presentation tips and tricks

Steve Jobs was recognized as an outstanding public speaker. Photo credit: James Mitchell

Your heart starts pounding. Your palms are sweating, and your blood pressure is rising. You feel like you’re going into a war. That’s what happens when you’re about to deliver a presentation.

The thought of speaking before a group can frighten even the bravest people.

This advice from presentation experts can reduce your tension and help you deliver a performance that wows.  

Know your audience. You can gain your listeners’ trust if you understand their language, priorities and troubles. Your talk will be memorable if you connect your theme to a major issue your audience faces. Scanning industry headlines the day of your talk can also help you avoid an embarrassing issue.

Prepare. Extensive preparation — including research, anticipating difficult questions, and practicing your delivery – can help calm your nerves and decrease chances for an unexpected event. When you finish your preparation, imagine yourself giving the presentation in as much detail as possible, starting from when you are introduced. You might think of something you forgot to address during your preparation. When you give your actual presentation, you’ll feel as if you’ve done it before.

Relax. Once you’ve prepared the presentation and practiced its delivery, relax and accept that you can’t control everything. The audience probably can’t see how nervous you are. Blank faces in the audience don’t mean that they’re not listening.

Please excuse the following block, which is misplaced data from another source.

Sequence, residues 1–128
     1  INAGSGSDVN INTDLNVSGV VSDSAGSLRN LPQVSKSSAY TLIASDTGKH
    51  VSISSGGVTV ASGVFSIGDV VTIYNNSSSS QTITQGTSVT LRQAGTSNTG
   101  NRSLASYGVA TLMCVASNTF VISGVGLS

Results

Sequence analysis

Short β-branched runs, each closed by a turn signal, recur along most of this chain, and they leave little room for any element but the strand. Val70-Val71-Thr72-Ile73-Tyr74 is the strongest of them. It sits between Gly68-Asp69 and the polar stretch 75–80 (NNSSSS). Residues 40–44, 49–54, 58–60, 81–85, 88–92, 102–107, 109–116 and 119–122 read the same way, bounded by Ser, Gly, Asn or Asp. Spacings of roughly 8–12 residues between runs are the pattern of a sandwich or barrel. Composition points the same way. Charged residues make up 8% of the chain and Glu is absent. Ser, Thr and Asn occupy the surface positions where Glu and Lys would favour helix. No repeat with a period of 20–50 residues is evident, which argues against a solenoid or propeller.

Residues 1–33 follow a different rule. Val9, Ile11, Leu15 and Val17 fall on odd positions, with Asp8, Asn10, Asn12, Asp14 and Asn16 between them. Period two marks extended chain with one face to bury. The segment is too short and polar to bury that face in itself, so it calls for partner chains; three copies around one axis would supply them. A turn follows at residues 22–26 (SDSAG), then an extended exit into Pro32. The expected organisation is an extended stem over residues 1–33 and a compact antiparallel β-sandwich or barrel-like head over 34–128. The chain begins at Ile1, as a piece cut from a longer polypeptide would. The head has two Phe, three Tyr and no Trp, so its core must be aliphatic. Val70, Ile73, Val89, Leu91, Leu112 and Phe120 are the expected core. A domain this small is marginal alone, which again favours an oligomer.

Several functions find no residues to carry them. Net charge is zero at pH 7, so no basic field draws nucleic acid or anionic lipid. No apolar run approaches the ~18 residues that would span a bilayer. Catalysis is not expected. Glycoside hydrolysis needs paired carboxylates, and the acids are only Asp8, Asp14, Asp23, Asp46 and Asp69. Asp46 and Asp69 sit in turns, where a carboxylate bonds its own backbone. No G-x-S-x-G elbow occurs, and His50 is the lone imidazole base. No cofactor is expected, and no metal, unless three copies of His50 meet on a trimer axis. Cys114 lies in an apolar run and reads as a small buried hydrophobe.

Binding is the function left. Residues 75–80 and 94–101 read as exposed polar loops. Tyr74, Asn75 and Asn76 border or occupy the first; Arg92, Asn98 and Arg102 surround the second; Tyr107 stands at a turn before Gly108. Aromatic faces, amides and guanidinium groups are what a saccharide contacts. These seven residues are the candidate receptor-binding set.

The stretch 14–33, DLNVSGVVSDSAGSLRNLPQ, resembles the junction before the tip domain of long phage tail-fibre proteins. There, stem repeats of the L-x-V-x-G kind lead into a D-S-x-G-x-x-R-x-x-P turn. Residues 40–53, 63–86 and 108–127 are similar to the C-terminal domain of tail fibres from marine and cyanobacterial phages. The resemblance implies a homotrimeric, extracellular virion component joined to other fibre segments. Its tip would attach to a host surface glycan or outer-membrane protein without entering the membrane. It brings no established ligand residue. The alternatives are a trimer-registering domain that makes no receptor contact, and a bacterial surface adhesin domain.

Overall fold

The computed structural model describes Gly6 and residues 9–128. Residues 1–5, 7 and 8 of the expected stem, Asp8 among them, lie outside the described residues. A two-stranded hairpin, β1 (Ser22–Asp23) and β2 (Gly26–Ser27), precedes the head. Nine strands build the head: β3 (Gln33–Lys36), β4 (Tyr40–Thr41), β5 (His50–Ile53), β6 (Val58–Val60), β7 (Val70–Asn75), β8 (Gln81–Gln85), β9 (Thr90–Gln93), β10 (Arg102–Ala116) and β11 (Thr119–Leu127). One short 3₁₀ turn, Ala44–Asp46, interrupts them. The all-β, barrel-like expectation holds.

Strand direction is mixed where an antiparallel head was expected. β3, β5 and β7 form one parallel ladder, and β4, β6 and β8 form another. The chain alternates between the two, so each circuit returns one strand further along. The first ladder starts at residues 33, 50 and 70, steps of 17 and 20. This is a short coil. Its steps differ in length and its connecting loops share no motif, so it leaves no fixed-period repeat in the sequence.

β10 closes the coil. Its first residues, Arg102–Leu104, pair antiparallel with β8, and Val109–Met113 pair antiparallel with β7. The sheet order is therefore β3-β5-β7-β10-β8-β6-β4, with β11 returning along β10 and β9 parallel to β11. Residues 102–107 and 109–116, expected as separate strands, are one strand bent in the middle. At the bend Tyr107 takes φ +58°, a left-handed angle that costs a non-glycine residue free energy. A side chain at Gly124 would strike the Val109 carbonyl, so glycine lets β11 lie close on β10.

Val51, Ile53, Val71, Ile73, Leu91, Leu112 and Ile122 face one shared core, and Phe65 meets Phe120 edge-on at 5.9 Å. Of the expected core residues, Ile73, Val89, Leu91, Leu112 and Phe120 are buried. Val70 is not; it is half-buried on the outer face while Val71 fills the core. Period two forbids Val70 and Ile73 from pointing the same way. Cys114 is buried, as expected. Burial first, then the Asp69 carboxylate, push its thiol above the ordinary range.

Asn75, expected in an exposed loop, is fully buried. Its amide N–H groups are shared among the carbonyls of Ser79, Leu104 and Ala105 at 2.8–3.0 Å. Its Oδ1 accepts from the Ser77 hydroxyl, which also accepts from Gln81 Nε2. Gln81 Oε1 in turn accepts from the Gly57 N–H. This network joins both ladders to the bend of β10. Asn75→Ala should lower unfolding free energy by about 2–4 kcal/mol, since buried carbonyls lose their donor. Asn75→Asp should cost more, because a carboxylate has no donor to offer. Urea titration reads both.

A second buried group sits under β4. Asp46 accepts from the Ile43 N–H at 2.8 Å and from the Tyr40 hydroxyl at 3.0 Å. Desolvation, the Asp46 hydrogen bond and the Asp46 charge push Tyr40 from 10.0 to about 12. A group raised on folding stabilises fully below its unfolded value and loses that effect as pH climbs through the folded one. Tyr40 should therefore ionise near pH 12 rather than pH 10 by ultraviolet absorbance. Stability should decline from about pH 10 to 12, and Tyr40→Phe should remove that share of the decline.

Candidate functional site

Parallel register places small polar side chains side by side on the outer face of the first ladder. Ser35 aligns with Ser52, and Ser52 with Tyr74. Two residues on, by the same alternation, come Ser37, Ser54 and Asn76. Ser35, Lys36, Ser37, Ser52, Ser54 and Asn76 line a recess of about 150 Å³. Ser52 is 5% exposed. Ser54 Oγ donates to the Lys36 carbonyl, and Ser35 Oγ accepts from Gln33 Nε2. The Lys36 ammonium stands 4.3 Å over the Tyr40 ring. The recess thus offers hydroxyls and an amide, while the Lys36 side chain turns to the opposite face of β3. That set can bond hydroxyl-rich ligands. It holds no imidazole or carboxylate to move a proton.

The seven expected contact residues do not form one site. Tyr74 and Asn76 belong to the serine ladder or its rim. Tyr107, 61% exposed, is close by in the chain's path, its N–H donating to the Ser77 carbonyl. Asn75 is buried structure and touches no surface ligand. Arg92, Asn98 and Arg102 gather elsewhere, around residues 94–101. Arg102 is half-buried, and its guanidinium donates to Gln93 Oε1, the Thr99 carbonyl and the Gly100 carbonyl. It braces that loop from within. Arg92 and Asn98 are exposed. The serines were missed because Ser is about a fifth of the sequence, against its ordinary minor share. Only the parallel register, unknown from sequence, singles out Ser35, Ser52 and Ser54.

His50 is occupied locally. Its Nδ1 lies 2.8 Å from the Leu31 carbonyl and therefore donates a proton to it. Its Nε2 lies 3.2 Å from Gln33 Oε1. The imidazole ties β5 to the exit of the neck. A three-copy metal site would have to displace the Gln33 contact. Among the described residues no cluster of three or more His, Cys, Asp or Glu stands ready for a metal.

Pause. Rather than starting to speak the instant you reach the stage, pausing to smile and glance around the room reassures the audience and indicates your poise and control.

Smile. Smiling shows that you are comfortable and friendly and can help endear you to the audience. Remaining stiff can bore an audience.

Move. Exaggerated hand movements show confidence and openness. To notice your hand movements and body language, videotape a practice presentation and play it back on mute.

Look at them. Eye contact engages an audience. Focus on individuals and small groups around the room a short time. By avoiding eye contact or continually scanning the room, you will fail to gain trust.

Keep a consistent format. Switching formats between different slides can distract the audience. Sticking to consistent fonts, colors and layout helps the audience absorb information.

Start with a conclusion. Tell the audience your conclusion at the beginning, and then support that takeaway during your talk. Tell them what you’re going to tell them, tell them, and tell them what you told them. It’s a proven presentation strategy that provides listeners a structure that helps them organize their thoughts.

Reinforce with visuals. When you deliver a point, reinforce the thought with an image. Superimpose a word or phrase over a relevant and memorable image that drives home your message.

Keep it simple. Providing too much information can overwhelm listeners. Instead, focus on three major points. Eliminating less significant points from presentations is as important as making and repeating key points.

Tell a story. Telling a story makes a message memorable. Stories help people process and explain information. The story, of course, should illustrate a key point in the presentation. Ideally, listeners will repeat the story later.

Make them laugh. People typically have difficulty paying attention for over 10 minutes straight. Humor is a superb technique for retaining their attention. Industry jargon, by contrast, can put them to sleep.

Studying the most most-viewed presentations at TED Conferences can help you understand how effective presenters apply these principles of public speaking. We especially recommend watching Amy Cutty, Dan Gilbert, and Steve Jobs.

Bottom Line: Delivering presentations can be a nerve-wracking experience. Thorough preparation with rehearsals, use of visuals with impact, conveying a sense of friendliness and openness, staying on message and using relevant stories to illustrate important messages are the keys to a successful and memorable presentation.


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